The genuine identities of five persons reportedly involved in attacks against Ukraine institutions ascribed to a cyber-espionage organization known as Gamaredon were revealed on Thursday by Ukraine’s top law enforcement and counterintelligence agency, which linked the members to Russia’s Federal Security Service (FSB).
The Security Service of Ukraine (SSU) described the hacking group as “an FSB special project that exclusively targeted Ukraine,” adding that the offenders “are officers of the ‘Crimean’ FSB and traitors who deserted to the enemy during the takeover of the peninsula in 2014.”
Sklianko Oleksandr Mykolaiovych, Miroshnychenko Oleksandr Valeriiovych, Chernykh Mykola Serhiiovych, Starchenko Anton Oleksandrovych, and Sushchenko Oleh Oleksandrovych are the names of the five people the SSU claims are involved in the covert operation.
Since its debut in 2013, the Russia-linked Gamaredon gang (also known as Primitive Bear, Armageddon, Winterflounder, or Iron Tilden) has been involved in a series of harmful phishing attempts, especially targeting Ukrainian institutions.
The malicious actor has carried out over 5,000 cyberattacks targeting public authorities and key infrastructure in the country. This actor also made attempts to infect more than 1,500 computer systems used by the government. Most cyberattacks are aimed to obtain intelligence information from security, defense, and law enforcement institutions.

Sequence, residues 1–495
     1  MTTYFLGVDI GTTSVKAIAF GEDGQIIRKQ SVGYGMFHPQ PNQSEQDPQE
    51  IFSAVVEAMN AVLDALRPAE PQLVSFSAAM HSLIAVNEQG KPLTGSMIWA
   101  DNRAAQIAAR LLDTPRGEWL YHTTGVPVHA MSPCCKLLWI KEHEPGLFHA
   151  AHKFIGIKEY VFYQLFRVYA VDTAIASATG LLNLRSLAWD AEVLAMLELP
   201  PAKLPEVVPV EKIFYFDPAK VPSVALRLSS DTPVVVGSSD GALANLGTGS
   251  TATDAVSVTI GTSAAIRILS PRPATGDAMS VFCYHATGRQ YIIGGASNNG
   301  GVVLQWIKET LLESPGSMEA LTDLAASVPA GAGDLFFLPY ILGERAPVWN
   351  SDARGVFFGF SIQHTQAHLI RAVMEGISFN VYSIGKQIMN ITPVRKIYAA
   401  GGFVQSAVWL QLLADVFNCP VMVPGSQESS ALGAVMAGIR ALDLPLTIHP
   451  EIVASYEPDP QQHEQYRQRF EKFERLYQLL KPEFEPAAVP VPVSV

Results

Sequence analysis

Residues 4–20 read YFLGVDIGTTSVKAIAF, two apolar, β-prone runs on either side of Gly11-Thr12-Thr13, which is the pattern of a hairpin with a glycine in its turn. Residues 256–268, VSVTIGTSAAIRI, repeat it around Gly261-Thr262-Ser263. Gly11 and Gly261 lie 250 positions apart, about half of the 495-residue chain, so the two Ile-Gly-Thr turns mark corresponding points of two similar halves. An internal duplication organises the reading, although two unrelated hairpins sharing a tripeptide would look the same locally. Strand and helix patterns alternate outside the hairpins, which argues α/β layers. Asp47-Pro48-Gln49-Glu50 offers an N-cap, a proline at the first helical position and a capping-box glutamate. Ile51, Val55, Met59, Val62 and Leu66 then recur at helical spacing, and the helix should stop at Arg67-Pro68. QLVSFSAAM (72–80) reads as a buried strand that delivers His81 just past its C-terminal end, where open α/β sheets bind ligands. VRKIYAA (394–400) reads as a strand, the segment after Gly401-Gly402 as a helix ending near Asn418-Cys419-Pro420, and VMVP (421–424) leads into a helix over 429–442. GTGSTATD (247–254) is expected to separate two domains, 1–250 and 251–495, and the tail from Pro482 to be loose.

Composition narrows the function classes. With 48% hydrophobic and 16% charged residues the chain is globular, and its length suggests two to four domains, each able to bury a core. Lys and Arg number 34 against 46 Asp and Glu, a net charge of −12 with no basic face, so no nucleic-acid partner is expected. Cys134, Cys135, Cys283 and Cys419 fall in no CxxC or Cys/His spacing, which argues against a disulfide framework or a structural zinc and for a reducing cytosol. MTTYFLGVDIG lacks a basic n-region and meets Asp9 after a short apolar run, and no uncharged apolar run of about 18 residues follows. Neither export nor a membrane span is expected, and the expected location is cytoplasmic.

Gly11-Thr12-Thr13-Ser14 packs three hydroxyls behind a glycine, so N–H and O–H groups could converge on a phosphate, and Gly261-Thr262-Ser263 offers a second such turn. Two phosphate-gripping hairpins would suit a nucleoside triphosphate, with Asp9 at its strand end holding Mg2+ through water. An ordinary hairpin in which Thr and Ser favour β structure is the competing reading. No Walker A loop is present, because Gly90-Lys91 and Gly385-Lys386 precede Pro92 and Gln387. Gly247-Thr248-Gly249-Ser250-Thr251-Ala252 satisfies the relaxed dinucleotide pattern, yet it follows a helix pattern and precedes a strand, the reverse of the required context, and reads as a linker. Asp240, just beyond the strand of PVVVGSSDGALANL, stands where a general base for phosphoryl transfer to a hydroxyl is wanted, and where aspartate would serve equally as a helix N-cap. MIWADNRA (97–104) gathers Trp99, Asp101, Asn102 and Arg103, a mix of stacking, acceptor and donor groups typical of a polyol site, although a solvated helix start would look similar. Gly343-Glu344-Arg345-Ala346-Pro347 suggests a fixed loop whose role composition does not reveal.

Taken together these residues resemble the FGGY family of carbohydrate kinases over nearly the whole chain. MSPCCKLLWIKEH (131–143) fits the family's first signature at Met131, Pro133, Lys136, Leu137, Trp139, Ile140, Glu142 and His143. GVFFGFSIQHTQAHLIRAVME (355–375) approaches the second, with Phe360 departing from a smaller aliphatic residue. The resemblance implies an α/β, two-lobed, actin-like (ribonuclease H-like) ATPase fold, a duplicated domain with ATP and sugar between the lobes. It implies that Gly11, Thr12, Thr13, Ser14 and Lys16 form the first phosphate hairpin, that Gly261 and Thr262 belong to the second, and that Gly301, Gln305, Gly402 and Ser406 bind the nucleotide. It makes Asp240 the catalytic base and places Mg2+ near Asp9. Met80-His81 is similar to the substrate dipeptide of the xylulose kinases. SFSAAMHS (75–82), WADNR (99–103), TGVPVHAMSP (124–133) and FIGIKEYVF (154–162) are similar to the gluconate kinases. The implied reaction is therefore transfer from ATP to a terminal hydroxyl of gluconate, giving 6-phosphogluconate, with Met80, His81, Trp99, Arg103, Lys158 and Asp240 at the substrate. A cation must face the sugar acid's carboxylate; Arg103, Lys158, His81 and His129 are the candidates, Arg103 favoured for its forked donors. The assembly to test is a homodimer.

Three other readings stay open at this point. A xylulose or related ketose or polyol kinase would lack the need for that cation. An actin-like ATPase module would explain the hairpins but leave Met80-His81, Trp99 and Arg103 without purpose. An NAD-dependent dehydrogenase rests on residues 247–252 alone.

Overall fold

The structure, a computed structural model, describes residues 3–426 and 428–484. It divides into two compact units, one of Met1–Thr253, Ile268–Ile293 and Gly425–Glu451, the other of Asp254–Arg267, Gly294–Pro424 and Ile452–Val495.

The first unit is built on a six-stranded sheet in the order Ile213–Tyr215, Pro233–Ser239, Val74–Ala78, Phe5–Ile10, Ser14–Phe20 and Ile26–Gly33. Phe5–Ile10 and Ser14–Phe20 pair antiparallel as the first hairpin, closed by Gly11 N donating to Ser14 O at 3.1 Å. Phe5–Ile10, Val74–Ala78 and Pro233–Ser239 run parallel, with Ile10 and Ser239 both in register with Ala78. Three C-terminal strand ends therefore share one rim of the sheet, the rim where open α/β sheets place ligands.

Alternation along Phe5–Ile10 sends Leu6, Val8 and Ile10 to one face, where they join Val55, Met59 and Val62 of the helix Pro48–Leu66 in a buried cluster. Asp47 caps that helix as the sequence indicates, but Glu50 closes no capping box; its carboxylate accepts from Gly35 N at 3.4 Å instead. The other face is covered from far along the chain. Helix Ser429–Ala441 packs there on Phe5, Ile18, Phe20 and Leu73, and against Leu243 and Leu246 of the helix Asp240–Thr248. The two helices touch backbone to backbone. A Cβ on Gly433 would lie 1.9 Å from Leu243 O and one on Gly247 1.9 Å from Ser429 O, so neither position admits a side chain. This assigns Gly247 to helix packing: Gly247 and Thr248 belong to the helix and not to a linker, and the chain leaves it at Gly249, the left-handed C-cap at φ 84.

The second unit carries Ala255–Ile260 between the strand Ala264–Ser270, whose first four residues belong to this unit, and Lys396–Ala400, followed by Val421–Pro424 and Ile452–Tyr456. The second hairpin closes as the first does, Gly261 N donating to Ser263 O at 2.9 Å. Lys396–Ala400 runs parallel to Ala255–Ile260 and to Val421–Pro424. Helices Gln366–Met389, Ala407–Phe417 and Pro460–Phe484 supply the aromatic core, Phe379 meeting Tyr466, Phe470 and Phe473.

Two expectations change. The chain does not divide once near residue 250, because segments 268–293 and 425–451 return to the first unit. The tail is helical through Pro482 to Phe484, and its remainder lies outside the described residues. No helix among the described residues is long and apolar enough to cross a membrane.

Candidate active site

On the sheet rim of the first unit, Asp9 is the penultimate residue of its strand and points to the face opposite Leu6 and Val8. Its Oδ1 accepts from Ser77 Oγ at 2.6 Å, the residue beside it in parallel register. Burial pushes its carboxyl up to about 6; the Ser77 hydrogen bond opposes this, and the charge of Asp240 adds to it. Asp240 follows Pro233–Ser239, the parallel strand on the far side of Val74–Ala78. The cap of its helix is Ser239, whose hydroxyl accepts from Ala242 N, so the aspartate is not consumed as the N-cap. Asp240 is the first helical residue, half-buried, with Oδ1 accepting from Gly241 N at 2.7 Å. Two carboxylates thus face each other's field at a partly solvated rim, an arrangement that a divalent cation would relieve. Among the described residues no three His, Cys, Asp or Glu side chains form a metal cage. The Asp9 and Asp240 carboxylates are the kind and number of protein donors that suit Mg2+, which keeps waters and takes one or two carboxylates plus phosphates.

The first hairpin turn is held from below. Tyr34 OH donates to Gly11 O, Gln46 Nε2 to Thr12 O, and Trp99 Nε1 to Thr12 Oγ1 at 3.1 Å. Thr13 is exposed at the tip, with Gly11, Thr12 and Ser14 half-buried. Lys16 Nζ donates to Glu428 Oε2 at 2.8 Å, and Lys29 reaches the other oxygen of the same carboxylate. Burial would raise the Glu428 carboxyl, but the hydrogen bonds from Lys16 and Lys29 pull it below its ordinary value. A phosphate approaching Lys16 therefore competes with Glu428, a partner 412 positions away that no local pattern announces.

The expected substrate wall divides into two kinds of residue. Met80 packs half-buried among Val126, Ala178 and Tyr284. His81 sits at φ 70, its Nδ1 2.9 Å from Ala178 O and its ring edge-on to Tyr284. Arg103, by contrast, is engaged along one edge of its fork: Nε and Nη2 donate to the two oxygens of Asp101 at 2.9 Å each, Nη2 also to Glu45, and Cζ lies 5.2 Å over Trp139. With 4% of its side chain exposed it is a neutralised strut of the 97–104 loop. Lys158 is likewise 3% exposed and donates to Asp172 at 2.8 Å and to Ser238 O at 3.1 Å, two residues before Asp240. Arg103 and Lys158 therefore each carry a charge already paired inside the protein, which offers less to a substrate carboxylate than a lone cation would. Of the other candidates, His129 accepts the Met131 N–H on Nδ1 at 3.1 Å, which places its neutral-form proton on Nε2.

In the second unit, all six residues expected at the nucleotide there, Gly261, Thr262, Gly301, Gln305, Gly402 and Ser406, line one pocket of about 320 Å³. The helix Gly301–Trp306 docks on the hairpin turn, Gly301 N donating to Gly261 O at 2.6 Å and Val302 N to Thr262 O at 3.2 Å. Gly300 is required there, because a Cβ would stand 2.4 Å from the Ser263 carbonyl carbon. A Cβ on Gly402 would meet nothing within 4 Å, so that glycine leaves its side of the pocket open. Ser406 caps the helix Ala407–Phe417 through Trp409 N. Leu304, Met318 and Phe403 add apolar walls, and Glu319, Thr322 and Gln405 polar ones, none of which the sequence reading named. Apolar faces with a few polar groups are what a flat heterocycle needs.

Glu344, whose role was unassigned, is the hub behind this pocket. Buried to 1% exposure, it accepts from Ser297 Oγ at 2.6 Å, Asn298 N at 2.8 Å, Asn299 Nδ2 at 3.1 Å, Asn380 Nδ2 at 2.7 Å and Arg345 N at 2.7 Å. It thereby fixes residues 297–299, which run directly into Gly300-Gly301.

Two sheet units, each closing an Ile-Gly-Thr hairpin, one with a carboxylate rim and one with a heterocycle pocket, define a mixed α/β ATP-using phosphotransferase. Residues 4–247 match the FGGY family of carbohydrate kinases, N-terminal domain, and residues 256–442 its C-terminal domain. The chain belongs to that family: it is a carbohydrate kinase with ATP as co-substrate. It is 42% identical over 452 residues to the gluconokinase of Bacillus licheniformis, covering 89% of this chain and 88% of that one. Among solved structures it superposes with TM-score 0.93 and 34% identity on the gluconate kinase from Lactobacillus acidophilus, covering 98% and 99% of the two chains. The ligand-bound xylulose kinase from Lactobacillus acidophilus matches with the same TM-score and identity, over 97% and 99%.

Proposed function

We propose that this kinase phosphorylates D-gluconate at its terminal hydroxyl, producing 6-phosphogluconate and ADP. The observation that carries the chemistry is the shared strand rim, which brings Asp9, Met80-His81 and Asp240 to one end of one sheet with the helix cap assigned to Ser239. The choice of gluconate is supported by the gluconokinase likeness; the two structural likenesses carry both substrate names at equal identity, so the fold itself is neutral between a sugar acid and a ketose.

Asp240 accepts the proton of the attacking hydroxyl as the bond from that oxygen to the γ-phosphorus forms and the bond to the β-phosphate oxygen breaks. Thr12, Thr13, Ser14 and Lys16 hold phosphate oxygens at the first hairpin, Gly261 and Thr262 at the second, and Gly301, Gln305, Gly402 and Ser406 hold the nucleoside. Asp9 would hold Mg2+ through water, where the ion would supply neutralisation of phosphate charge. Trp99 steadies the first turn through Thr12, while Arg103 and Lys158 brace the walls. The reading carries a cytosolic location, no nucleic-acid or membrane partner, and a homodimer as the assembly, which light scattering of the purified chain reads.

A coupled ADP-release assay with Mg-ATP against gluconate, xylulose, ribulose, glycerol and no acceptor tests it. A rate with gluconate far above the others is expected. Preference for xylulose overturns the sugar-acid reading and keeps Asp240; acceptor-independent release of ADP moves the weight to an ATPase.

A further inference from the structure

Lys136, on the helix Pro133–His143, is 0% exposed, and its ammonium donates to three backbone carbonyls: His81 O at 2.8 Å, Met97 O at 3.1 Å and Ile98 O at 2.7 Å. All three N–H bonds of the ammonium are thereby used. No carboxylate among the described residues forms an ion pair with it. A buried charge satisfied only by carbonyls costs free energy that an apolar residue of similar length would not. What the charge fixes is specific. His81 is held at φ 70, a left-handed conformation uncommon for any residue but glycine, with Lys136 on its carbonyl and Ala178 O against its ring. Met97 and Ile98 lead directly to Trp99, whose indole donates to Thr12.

Gamaredon is an infiltration vector and depends heavily on social engineering techniques. It has also invested in various tools for darting through an organization’s defenses coded across multiple programming languages like VB Script, C++, C#, and using PowerShell, CMD, and .NET command shells.
Citing a technical report, the agency said that the organization’s operations are marked by intrusiveness and bravado.
The most dangerous malware in its arsenal is Pterodo (also called Pteranodon). It is a modular remote administration tool that includes remote access, keystroke logging, taking screenshots, accessing the microphone, and downloading more modules from a remote server.
They also used .NET-based file stealer that collects files with the following extensions: *.doc, *.docx, *.odt, *.jpg, *.xls, *.rtf, *.pdf, and *.txt.
The third tool is a malicious payload designed to propagate malware via linked removable media while also gathering and siphoning data off from those devices.